Five pointers for gifts of life insurance to charities

“Incidents of ownership” are three powerful words in estate planning where life insurance is concerned. The phrase is a key component of Internal Revenue Code Section 2042, which provides for the inclusion in a taxpayer’s gross estate, for estate tax purposes, of the proceeds of insurance policies on the taxpayer’s life under two circumstances. First, if the proceeds are actually received by the estate, they are included. Second, proceeds are included in an estate when the money is received by named beneficiaries other than the estate if the taxpayer died possessing “incidents of ownership” in the policy.

Section 2042 is the reason an estate planning advisor typically strives to ensure that a client does not own life insurance policies on the client’s own life. This is frequently accomplished by creating an irrevocable life insurance trust. As an alternative, many clients give life insurance policies to charitable organizations, not only for the estate tax benefits, but also for potential income tax benefits during the client’s lifetime.

Before you assist your client with a gift of life insurance to a charity, here are five pointers:

  • Check state law first. Most–but not all–states allow transfers of life insurance policies to a charity.
  • Request change of ownership and change of beneficiary forms from the insurance company, and make sure you have the right forms. The paperwork is not always user-friendly. There are instances where a taxpayer completed the wrong set of forms and thus failed to accomplish the intended transfer. The charity will need to be the policy owner and, unless the charity intends to surrender the policy, also be the named beneficiary.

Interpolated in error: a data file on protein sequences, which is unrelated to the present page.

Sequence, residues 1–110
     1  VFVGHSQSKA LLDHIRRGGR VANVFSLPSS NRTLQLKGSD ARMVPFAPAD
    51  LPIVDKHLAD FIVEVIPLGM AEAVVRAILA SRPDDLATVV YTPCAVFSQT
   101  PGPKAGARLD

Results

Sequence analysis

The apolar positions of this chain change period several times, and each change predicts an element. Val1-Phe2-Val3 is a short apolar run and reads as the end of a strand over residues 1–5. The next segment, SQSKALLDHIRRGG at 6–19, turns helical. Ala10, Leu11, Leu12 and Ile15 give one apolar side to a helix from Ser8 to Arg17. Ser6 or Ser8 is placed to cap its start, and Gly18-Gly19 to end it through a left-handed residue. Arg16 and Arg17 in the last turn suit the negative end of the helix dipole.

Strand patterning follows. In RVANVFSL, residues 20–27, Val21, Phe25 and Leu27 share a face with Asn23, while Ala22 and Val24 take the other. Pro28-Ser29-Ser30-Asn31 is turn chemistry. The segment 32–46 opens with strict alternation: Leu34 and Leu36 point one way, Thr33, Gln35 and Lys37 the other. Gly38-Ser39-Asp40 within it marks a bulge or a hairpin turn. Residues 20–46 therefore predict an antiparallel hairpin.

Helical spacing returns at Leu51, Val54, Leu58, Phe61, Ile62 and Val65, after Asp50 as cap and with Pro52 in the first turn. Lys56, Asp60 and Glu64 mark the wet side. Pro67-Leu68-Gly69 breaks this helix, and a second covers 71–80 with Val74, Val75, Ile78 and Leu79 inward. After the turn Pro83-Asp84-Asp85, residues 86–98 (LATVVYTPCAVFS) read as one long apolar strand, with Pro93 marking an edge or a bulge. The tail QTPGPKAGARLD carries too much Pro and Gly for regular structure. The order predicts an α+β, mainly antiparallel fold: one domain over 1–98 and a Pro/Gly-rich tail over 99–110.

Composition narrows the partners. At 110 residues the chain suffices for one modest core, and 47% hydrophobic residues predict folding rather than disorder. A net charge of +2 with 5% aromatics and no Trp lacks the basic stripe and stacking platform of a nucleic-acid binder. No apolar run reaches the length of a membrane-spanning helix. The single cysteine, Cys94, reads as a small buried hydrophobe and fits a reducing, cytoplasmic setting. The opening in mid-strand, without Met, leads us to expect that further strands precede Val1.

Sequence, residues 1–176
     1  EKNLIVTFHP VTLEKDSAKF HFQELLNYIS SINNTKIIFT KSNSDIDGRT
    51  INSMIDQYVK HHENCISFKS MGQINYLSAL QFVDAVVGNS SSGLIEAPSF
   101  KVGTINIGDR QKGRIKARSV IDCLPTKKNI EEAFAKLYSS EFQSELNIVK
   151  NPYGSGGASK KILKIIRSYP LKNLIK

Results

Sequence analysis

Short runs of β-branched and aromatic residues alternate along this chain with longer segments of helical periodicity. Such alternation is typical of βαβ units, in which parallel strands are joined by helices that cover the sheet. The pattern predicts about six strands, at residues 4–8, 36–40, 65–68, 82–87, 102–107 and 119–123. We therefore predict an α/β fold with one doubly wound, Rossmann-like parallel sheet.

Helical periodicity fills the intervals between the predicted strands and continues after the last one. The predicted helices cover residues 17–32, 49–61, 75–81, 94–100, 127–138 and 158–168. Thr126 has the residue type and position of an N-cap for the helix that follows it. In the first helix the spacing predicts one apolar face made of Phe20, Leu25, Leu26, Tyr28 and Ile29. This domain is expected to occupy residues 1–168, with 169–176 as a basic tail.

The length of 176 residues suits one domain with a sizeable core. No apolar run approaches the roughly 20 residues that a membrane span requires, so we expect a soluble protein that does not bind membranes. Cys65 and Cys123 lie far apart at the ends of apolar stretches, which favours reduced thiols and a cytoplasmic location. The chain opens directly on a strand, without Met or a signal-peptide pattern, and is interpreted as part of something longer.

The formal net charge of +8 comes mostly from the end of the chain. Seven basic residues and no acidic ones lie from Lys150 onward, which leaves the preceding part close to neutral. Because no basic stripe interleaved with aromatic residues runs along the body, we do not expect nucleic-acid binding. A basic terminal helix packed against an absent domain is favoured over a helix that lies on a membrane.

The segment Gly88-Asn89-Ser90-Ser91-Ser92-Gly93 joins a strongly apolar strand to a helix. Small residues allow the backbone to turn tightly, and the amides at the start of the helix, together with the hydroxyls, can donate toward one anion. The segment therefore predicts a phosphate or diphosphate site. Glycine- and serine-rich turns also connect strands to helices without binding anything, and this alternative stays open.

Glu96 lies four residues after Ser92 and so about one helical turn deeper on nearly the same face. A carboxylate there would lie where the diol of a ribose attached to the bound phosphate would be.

• Carefully calculate the charitable income tax deduction for the gift of the life insurance policy to the charity. The taxpayer is eligible for a deduction equal to the lesser of the policy’s value or the taxpayer’s basis (usually the total amount of premiums paid). The “value” of the policy is computed using the replacement cost or the “interpolated terminal reserve” plus unearned premiums.
  • Be sure to check for loans against the policy to avoid an income tax event for the taxpayer.
  • Finally, do not run afoul of the “insurable interest” rules, which can come into play where the charitable entity pays the premium on a life insurance policy transferred to or secured by the charity on your client’s life.

This article is provided for informational purposes only. It is not intended as legal, accounting, or financial planning advice. If you have any questions or would like to discuss your giving strategy, please contact Cindy Blake.